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Tuxiscool

CL-09: Compiling C or C++ Programs

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Browse: [About the FAQ Forum] [Table of Contents] [FAQs] [Contribute] [CL: Command Line Questions]

 

CL-09: Compiling C or C++ Programs

 

It is undeniable that the success of the Free/Libre/Open-Source Software movement has largely been due to GCC, the GNU Compiler Collection. Since Richard Stallman -- the founder of GNU -- released The GNU C Compiler to the world in the late 1980s, it has seen many improvements; the support for many many more languages, and a plethora of architectures.

 

After reading this FAQ, you should be able to:

  • Compile C and C++ programs
  • Get the compiler to warn you about stupid mistakes
  • Link your programs with the required libraries.
  • And finally, optimise your binaries.

This FAQ will not cover the C or C++ languages, they require their own book!

 

The Compilation Process

 

For compiling C and C++ programs, there are two separate compilers to use,

gcc and g++, respectively.

 

Using the famous 'Hello, world!' example (in C) -- hello.c:

 

#include <stdio.h>
#include <stdlib.h>

int main(void)
{
   printf("Hello, world!\n");
   return EXIT_SUCCESS;
}

 

We would compile this file into a binary, named 'hello', with the command:

 

 gcc hello.c -o hello

 

This command calls 'gcc,' specifying an input file (you can of course have more than one of these 'translation units'), and an output file -- specified after the -o flag -- called 'hello'.

 

Similarly, in C++ -- hello.cc

 

#include <iostream>

int main(void)
{
   std::cout << "Hello, world!" << std::endl;
   return EXIT_SUCCESS;
}

 

We would compile this file into a binary, named 'hello', with the command:

 

 g++ hello.cc -o hello

 

Very simple, don't you think?

 

Mistakes, and how to catch them

 

We all make mistakes, there's no doubt about that, so having a good way to catch them can make our lives a lot easier. gcc and g++ both provide facilities to do this, the use of a few compiler flags.

 

Both gcc and g++ accept the following flags

  • -W
  • -Wall
  • -ansi
  • -pedantic

-W will enable warnings to help protect you against common mistakes.

 

-Wall will enable extra warnings, if you like.

 

-ansi Will make the compiler reject most features that are not part of the ISO C90 standard (By default GNU extensions are enabled.)

 

-pedantic Will ensure strict conformance to ISO C90, giving no mercy for non-standard features.

 

It is typically a good idea to use all of these flags when compiling your programs, they really do help you discover many possible problems with your code. More information can be found within the gcc man page ('man gcc').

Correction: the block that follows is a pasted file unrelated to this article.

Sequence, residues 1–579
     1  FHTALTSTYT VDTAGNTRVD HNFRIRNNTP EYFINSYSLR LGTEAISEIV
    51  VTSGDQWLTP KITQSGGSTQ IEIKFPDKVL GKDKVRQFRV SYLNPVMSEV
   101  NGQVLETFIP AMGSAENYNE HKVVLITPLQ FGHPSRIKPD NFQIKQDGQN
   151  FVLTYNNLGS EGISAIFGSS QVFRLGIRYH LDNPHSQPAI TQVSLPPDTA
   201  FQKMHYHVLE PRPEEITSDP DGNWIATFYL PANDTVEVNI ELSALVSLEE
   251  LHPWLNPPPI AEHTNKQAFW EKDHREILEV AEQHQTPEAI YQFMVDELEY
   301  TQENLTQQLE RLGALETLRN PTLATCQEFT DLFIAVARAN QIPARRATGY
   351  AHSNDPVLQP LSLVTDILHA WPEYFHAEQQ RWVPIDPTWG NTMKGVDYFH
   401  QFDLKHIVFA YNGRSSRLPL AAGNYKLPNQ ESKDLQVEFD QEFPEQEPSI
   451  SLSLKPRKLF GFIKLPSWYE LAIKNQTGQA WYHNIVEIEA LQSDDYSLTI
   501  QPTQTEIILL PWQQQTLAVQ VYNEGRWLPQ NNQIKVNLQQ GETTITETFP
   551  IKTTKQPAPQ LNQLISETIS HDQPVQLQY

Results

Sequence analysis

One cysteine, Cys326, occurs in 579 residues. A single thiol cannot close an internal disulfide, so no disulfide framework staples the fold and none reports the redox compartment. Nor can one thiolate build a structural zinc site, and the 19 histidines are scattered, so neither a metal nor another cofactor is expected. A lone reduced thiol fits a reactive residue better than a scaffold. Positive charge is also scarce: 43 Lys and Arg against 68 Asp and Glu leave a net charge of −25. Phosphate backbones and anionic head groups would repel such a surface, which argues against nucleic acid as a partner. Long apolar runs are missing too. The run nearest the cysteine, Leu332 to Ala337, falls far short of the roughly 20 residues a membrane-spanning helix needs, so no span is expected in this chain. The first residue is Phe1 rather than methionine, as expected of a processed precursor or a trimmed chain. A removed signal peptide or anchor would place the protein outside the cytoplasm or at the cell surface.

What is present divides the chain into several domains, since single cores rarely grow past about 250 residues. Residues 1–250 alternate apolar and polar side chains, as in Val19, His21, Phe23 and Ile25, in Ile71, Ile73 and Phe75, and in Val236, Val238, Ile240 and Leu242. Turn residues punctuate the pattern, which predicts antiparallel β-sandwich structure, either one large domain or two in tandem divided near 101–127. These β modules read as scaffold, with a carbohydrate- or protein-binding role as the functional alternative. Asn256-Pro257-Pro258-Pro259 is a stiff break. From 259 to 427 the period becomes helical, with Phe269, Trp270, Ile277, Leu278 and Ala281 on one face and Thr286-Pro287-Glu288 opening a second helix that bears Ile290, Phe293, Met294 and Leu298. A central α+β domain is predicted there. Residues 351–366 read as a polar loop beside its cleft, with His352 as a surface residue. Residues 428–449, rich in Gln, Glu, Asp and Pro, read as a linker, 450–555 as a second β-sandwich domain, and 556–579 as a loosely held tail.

To link, or not to link, that is the question

 

If you ever want to make any interesting programs, it is likely that you will need to use the linker to link with the libraries of the APIs that you make use of. GCC provides two main facilities to do this.

  • -l
  • -L

Quite intuitive indeed, but what's the difference?

 

-l<libraryname> will search in the default directories for lib<libraryname>.so

 

-L<path> can be used to give an absolute path to the library you want to use, or to add another directory for gcc to search in.

 

A very common usage of -l is to link with the math library in C and C++ programs that use functions from the header <math.h> and <cmath> respectively.

 

To link such a program with the math library, assuming a source file 'program.c', one would issue the command:

 

gcc program.c -o program -lm

 

Easy as that!

 

Optimisation, the double-edged sword?

 

gcc and g++ are optimising compilers, they can be used to increase the speed or size of your compiled binaries. Typically, code that you will be debugging should disable optimisation, but in release-code, you will probably enjoy its benefits.

 

Enabling optimisation is a simple matter, all we need to do is pass an -O (Capital 'Oh'), which has a few main variants.

 

-O0, The default, optimisation-less compile, this is redundant.

-O1, Basic optimisation.

-O2, More optimisations enabled - this is probably the most-used.

-O3, Even more optimisations.

-Os, Size optimisations, this may decrease the size of the output binary.

 

Of course, specific details of these optimisations can be found in the gcc man page.

 

I hope you've enjoyed the FAQ, feel free to ask me any questions if you have trouble.

Edited by Tuxiscool

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